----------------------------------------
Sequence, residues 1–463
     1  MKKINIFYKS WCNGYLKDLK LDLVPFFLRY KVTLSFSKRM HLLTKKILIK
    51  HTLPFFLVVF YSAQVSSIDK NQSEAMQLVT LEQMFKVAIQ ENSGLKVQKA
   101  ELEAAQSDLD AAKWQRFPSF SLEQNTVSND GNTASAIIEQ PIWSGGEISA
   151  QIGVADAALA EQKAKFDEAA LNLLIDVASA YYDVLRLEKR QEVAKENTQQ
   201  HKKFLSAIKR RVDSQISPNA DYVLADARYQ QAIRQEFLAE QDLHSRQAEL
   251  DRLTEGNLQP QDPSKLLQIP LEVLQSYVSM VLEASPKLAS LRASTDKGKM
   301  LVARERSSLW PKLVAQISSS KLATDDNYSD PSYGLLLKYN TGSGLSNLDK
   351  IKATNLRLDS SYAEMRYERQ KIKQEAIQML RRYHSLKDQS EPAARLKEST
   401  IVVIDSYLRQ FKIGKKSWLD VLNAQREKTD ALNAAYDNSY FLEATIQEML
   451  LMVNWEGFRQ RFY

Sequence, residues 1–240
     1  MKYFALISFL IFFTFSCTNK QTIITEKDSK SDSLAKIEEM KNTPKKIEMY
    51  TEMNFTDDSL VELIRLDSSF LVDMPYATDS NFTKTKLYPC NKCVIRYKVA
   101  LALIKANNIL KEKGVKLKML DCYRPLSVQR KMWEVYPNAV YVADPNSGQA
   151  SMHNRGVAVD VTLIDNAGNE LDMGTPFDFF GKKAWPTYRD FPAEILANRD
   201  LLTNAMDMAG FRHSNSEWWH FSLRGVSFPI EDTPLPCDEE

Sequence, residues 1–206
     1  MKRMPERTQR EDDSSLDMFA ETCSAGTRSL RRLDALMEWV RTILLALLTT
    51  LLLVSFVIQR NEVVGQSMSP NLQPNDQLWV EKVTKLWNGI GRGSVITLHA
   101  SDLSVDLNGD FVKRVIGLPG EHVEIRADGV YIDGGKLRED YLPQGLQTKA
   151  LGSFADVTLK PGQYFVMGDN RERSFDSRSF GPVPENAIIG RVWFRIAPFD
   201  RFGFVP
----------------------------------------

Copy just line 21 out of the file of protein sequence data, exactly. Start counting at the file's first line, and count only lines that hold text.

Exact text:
   101  SDLSVDLNGD FVKRVIGLPG EHVEIRADGV YIDGGKLRED YLPQGLQTKA